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Creators of the lithium ion battery awarded 2019 Nobel Prize in Chemistry

Creators of the lithium-ion battery awarded the 2019 Nobel Prize in Chemistry

The 2019 Nobel Prize in Chemistry has been awarded to John B. Goodenough, M. Stanley Whittingham, Akira Yoshino by the Royal Swedish Academy for developing lithium-ion batteries. 

The Nobel committee has stressed the importance of this technology which has given us the freedom to use and enjoy portable devices such as laptops, mobile phones to even electric cars and spacecraft. The lithium-ion batteries can be easily recharged by plugging them into the mains power supply. 

To perfect such technology, there were many challenges. Lithium can release electrons easily, thus making it suitable to store and conduct electricity. However, since it is quite reactive, it has to be adjusted for making it functional inside a battery. 

A battery comprises the cathode(positive side) and anode(negative side). Dr. Whittingham was working on energy technologies that are free from fossil fuel in the 1970s, which is when he discovered a method to make cathode for a lithium battery made from titanium disulfide. It was good however the anode was made from metallic lithium making it quite explosive to work with. Dr. Goodenough improved on this in 1980, using cobalt oxide to prepare the cathode. This increased battery voltage. 

The anode in previous batteries was made from lithium metals making it not so safe to work with as it was highly reactive. Dr. Yoshino focused on this problem as he created an anode from petroleum coke where the carbon layers allowed the lithium ions to be present between them. Ions moved across batteries as electrons moved in the circuits thereby powering the devices. This whole process is reversible hence this can be repeated many times. So the battery can be charged as many times as possible before it started deteriorating. The first lithium-ion battery that was commercially viable was created by Yoshino in 1985.  

Dr. Goodenough is now the oldest person to win a Nobel Prize at 97 years of age as he surpassed Dr. Arthur Ashkin who won the Nobel Prize for Physics last year. Yoshino mentioned during the announcement of the award that the prime motivation for continuing the research was simply their curiosity. 

Only five women have been awarded the Nobel Prize in Chemistry out of 203 Chemistry Nobel Laureates since 1901. 89 of these recipients were awarded for carrying out work in the United States while only 60 were actually born.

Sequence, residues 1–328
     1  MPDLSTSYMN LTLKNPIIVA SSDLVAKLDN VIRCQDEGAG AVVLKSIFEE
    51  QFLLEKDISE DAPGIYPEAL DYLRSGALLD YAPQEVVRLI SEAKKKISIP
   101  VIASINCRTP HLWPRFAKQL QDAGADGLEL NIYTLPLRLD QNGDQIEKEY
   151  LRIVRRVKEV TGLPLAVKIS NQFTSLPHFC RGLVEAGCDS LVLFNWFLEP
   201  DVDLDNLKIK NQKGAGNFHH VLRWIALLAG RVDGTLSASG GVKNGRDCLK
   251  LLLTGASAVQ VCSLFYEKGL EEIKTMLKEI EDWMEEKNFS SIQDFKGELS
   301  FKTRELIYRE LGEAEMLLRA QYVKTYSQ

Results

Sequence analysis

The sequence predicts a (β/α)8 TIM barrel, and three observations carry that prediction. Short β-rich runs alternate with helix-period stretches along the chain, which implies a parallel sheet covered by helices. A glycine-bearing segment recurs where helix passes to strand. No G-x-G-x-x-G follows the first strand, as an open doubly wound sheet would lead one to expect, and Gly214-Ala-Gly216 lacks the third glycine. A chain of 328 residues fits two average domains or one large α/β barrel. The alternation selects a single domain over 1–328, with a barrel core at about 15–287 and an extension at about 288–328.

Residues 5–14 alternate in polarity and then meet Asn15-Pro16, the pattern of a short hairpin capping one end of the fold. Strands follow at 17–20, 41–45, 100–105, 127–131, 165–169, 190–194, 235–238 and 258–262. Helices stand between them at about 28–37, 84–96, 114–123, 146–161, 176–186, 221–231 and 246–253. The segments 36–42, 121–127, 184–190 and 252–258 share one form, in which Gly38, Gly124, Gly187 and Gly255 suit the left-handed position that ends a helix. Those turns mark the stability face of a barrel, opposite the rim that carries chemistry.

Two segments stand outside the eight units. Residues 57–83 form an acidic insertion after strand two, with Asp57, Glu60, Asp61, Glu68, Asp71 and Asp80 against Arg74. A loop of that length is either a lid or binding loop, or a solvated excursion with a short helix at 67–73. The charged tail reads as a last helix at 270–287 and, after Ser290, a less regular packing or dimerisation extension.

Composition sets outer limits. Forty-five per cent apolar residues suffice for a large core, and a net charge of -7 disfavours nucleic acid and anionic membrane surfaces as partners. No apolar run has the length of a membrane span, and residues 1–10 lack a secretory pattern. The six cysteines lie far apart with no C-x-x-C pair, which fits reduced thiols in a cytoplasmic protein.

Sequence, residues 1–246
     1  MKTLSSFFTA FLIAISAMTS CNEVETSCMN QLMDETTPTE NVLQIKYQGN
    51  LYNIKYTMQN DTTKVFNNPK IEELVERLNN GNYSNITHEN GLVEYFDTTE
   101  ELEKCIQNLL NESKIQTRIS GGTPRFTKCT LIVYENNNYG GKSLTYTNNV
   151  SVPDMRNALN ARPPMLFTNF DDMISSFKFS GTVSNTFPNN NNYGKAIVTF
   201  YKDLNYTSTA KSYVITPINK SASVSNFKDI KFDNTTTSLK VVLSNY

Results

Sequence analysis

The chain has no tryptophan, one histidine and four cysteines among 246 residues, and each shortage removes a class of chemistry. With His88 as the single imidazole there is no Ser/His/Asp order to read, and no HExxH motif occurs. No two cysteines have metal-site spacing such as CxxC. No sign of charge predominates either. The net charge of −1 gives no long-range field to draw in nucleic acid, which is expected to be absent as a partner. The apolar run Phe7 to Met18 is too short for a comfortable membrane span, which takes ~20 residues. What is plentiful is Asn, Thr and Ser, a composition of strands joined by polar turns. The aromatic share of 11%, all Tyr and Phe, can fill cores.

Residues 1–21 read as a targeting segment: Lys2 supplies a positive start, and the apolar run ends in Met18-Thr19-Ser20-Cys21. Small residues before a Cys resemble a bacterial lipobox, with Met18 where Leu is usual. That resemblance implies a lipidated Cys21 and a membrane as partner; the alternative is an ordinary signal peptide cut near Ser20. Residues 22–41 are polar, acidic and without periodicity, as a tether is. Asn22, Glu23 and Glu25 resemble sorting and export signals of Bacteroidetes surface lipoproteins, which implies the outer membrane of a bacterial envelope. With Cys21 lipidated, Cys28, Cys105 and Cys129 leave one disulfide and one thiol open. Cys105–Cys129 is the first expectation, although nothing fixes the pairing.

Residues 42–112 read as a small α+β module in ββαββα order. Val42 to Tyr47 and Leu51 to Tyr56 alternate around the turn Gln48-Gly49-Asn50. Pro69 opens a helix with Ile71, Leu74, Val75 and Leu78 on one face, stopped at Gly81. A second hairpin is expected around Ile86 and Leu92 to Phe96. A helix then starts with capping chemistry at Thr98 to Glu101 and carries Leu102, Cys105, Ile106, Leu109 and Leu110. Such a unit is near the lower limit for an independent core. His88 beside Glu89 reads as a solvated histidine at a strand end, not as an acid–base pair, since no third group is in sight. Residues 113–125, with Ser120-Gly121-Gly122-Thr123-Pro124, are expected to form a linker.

Check out the Nobel Prize winners from the field of Medicine and their discovery.

Hydrogen Fuel Station Sign

Scientists create new material for enabling hydrogen power revolution

Researchers have discovered a material which can be useful for tapping the potential of hydrogen-driven vehicles. It is published in the journal Energy and Environmental Science. Since fossil fuels are being depleted at a high rate, scientists all over the world are searching for optimum replacements to the vehicles running on various fossil fuels. Alternatives such as battery-powered automobiles, solar vehicles are also explored.

I believe fuel cells could end the 100-year reign of the internal combustion engine.--William Clay Ford Click To Tweet

Apart from these options, another useful option is hydrogen power. But what has stopped its full utilization is the price and complexity of the hydrogen-powered fuel systems. A group of scientists led by David Antonelli, professor at Lancaster University has found a solution to this. They discovered a material which is obtained from manganese hydride. This new material is used for making molecular sieves in the tanks. These tanks have hydrogen stored inside them and they function with the help of fuel cells in the hydrogen system.

This material is named as KMH-1 (Kubas Manganese Hydride-1). It will help in making the design of the tanks much smaller, cost-effective than the current technologies in hydrogen fuel systems. The most promising fact is that it would outperform the vehicles which are battery powered in a significant way.

Antonelli who leads the Physical Chemistry Department at Lancaster University and has been involved in this field of research for 15 years commented that the price of manufacturing of this entity is less and the energy density is much greater than the regular batteries which are powered by lithium ions. It could mean that the systems using hydrogen fuel may cost approximately five times less than the lithium-ion system while providing increased lengths of the journey.

This has been possible due to a chemical process named Kubas binding. In this process, the hydrogen storage is done by increasing the distance between two atoms in a hydrogen molecule and it occurs at room temperature. Thus the necessity for splitting and binding the atomic bonds is eliminated and hence it reduces high energy requirements and the complex machinery.

This material also removes the necessity for cooling, as it absorbs any extra energy. This is a major advantage as the presence of cooling equipment in a vehicle makes it expensive and also reduces efficiency.

Hydrogen is absorbed by this material at pressures equal to 120 atmospheres which is much lesser than a scuba tank. It is then released into fuel cells when this pressure is released. Compared to current technologies, this material can store a lot more hydrogen in the same volume.

Apart from vehicles, scientists believe that this can be used in many other fields.